How Rating Firms' Calls Fueled Subprime Mess

By 2006, S&P was making its own study of such loans' performance. It singled out 639,981 loans made in 2002 to see if its benign assumptions had held up. They hadn't. Loans with piggybacks were 43% more likely to default than other loans, S&P found. In April 2006, S&P said it would raise by July the amount of collateral underwriters must include in many new mortgage portfolios. For instance, S&P could require that mortgage pools have extra loans in them, since it now expected a larger number to go bad. Still, S&P didn't lower its ratings on existing securities, saying it had to further monitor the performance of loans backing them. It thus helped the market for these loans hold up through the end of 2006.

How Rajat Gupta Came Undone

The downfall of a Goldman Sachs director:

"Now from, for the last three or four, I mean four or five years, I've given him a million bucks a year, right?" says Rajaratnam. "Yeah, yeah," says Gupta, who doesn't appear taken aback at all by Rajaratnam's next remark: "After taxes. Offshore. Cash."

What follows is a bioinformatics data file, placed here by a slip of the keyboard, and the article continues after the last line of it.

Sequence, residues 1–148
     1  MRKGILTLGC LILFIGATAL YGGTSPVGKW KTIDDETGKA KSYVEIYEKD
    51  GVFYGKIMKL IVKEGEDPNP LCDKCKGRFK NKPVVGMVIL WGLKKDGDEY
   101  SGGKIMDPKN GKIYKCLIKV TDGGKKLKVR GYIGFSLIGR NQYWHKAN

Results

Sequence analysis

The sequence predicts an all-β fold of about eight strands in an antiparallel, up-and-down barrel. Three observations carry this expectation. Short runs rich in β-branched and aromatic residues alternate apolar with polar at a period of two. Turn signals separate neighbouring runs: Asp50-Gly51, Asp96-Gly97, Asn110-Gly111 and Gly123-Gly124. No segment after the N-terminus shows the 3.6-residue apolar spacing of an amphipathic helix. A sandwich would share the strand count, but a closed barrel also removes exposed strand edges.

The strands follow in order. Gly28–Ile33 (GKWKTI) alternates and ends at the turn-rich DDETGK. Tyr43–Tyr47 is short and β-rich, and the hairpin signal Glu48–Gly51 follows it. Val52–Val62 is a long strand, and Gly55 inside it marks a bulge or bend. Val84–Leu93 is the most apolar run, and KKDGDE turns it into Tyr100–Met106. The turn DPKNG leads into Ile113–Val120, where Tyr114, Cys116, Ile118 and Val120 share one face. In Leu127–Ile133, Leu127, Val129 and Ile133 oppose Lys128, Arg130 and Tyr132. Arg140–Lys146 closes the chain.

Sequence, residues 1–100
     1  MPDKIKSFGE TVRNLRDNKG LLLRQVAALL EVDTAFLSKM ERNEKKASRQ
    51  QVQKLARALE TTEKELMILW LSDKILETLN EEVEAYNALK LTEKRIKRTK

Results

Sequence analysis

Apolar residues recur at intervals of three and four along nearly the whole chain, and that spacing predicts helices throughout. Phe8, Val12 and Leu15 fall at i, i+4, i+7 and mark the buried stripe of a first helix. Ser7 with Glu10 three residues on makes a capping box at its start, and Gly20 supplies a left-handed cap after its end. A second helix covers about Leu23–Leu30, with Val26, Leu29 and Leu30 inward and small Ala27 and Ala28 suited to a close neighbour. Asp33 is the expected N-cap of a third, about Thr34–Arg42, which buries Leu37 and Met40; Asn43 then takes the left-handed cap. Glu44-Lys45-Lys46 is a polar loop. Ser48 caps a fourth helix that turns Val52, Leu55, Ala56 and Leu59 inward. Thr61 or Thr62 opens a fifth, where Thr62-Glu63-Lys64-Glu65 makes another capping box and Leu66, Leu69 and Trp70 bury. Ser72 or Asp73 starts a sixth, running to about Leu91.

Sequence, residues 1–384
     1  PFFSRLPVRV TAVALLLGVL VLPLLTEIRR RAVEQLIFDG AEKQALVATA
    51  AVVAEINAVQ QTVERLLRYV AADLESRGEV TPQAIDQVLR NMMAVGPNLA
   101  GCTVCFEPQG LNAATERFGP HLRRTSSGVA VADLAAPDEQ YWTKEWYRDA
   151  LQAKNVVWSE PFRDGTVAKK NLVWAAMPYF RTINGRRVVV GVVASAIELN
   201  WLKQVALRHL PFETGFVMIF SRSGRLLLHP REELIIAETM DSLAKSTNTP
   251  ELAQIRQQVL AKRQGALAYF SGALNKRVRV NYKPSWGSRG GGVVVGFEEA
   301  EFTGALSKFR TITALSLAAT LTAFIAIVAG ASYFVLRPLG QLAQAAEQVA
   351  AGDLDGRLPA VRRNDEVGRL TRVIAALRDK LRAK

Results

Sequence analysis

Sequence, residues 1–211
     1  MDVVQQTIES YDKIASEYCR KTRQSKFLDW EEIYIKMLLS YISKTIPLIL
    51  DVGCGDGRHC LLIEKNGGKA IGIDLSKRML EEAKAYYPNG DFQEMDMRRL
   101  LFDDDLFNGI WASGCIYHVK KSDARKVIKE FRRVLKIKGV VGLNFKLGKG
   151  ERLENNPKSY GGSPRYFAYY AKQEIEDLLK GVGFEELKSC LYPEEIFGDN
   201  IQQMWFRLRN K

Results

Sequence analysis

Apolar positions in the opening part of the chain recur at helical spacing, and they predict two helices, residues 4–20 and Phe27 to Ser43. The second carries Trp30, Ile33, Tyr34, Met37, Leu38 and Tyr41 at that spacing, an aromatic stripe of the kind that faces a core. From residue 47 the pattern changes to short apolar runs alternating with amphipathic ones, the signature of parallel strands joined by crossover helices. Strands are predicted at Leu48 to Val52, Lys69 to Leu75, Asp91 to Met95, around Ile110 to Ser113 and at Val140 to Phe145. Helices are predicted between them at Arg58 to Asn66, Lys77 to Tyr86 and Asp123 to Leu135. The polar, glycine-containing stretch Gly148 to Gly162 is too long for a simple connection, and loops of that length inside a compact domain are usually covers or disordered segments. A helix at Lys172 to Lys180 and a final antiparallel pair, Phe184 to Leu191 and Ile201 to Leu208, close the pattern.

The People vs. Goldman Sachs

While much of the Levin report describes past history, the Goldman section describes an ongoing? crime — a powerful, well-connected firm, with the ear of the president and the Treasury, that appears to have conquered the entire regulatory structure and stands now on the precipice of officially getting away with one of the biggest financial crimes in history.

2011 Pulitzer Prize: National Reporting: The Wall Street Money Machine

A series on how some Wall Street bankers, seeking to enrich themselves at the expense of their clients and sometimes even their own firms, at first delayed but then worsened the financial crisis.

  1. The Magnetar Trade: How One Hedge Fund Helped Keep the Bubble Going

  2. The ‘Subsidy’: How a Handful of Merrill Lynch Bankers Helped Blow Up Their Own Firm

  3. Banks’ Self-Dealing Super-Charged Financial Crisis